As a company working mainly business-to-business or even -to-government, brand and other intangible assets play a less significant role than for other companies.
Still, with the current rise of renewable energy, and increased activity in the sector, secondary effects could have a further positive impact on the business (e.g. Better efficiency in energy generation through increased research activities).
The above brings the overall scoring result to a total of “only” 27 out of 40, or 67.5%. While kind of an average result, this does not entail that Atlantica might not be worth a closer look. It rather reflects the intense competition and challenges inside the industry.
Discounted Cash Flow
When analyzing Atlantica’s past revenue performance, results and cash flow development, it is quickly visible, that sales growth has somewhat stagnated in the last 2-3 years. Especially the renewables sector (despite its’ potential) has basically not left the +/- 10% growth range since 2016. Thanks to improvements in cost and capital structure, the result as well as the cash flows have seen very positive development in recent years, however, capitalizing on the recent upswing of renewable energies will be vital in order to achieve continuous positive developments.
Correspondingly, the DCF scenarios I calculated for AY have had a wide range of outcomes. While it is obvious that an annual cash flow growth of >40% might become more and more difficult to achieve going forward, it is not out of the way, that a further push in renewables growth could be the base for also finally increasing revenues again.
Continuous reduction of the company’s overall debt could be another opportunity to ensure cash flow growth for the years to come, through decreasing debt and interest payments. Freeing up further cash for expansion and/or dividend payments would certainly be in the interest of most shareholders.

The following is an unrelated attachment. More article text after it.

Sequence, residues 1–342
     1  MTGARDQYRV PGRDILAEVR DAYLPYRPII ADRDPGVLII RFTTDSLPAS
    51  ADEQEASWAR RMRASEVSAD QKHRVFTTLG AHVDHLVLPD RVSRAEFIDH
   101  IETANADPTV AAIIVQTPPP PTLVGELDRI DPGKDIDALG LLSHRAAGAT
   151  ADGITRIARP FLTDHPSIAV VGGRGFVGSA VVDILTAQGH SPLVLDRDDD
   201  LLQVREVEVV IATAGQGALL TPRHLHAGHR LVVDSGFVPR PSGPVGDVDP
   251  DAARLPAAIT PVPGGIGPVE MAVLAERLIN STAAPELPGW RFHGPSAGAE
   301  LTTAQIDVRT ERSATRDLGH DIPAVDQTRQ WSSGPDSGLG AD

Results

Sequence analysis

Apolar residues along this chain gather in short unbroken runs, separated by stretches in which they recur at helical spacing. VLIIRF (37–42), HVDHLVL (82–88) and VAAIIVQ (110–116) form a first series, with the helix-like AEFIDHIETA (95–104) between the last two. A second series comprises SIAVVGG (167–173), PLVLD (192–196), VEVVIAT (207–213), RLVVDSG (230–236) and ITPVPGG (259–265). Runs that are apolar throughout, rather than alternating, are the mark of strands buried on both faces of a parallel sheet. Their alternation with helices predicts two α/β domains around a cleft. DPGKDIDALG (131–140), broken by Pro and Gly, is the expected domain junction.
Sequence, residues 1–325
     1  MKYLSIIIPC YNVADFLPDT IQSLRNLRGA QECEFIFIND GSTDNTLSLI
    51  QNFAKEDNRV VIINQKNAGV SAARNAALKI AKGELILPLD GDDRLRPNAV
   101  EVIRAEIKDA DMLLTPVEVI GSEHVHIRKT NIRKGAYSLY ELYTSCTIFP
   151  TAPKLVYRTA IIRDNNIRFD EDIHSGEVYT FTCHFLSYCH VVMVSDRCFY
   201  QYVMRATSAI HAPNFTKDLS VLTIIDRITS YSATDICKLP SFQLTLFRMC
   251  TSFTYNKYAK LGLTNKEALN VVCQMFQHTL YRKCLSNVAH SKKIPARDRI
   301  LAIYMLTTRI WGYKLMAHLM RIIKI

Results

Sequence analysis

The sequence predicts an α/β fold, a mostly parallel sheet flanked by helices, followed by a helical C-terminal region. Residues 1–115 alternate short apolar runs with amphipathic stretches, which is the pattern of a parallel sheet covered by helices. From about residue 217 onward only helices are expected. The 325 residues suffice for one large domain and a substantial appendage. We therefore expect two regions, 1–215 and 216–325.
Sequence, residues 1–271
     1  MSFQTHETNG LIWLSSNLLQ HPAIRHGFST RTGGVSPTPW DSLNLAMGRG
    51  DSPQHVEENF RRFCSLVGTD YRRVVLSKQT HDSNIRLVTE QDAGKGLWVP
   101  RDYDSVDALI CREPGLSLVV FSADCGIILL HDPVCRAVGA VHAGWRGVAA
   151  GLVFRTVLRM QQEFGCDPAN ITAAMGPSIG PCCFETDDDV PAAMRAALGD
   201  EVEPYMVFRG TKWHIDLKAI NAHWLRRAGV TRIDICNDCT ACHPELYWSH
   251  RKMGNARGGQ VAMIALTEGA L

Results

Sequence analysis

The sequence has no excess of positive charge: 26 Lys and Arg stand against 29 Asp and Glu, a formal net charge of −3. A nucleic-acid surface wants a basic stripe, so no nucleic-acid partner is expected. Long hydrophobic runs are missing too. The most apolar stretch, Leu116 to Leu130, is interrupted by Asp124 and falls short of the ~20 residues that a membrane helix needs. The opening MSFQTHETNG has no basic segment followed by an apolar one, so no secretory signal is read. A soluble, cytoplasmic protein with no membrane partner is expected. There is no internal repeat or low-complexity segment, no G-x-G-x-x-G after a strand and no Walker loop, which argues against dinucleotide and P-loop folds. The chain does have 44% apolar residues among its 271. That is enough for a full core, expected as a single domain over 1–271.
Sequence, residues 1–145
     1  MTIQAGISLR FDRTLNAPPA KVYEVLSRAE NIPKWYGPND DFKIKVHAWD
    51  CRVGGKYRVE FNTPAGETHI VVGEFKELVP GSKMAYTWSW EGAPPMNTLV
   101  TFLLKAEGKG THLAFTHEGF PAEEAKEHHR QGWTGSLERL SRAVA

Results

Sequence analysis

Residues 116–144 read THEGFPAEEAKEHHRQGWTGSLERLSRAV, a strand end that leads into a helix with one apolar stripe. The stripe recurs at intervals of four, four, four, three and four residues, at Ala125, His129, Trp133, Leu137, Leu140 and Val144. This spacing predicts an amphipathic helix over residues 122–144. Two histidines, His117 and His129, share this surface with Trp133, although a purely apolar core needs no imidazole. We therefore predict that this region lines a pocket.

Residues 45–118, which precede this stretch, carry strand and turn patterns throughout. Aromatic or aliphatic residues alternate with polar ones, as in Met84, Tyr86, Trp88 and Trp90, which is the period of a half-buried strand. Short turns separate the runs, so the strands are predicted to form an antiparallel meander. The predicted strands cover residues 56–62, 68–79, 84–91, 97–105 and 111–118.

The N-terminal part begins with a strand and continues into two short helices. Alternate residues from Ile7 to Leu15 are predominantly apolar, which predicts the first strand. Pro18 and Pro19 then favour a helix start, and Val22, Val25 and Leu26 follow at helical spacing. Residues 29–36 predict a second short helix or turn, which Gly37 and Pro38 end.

Considering this and other factors within the DCF Model, even the most pessimistic as well as the “flat” development scenario offer some upside vs the current equity value. This upside grows even bigger when forecasting continuously increasing cash flows in the coming years, making the range of possible outcomes quite wide.
Multiples and Conclusion
Seeing the above positive results, my curiosity was sparked and I “went the length” of evaluating not only P/S and P/E ratio during the multiple valuation process, but also taking into account the EBIT/EV ratio when comparing AY to its’ peers, which I selected as:
- NextEra Energy Partners (NEP)
- Brookfield Renewable Partners (BEP)
- Algonquin Power & Utilities Corp. (AQN)
Surprisingly, also the equity value calculated via any of the above-mentioned multiple approaches, was over AY’s current market cap, despite the continuous rise of the share price in recent weeks.
Also using the multiple approach, none of the KPIs suggested that Atlantica was in any way overvalued considering the current comparatives especially of some of its’ US counterparts/peers.
This brings the average Equity Value for AY to an astounding amount of $8 billion (give or take), suggesting a huge upside based on the pure numbers.
As usual, there are a few risks (but also chances) to be taken into account before evaluating your decision to invest or not, which I will highlight below. Additionally, the more pessimistic DCF scenario in which future growth will be stagnating/decreasing, is more or less equal to the current market value of the shares and a further meteoric rise is not a given.
That concludes the first slightly shorter review on stockreview.org.
Let me know your thoughts on this one!
Is it still too long?
Or should we go back to explaining more detail again?
Also, what are everyone’s thoughts on the recent rise in the renewable sector!?
Do we finally see a shift towards a greener future?
Disclaimer: I am currently not invested in AY stock.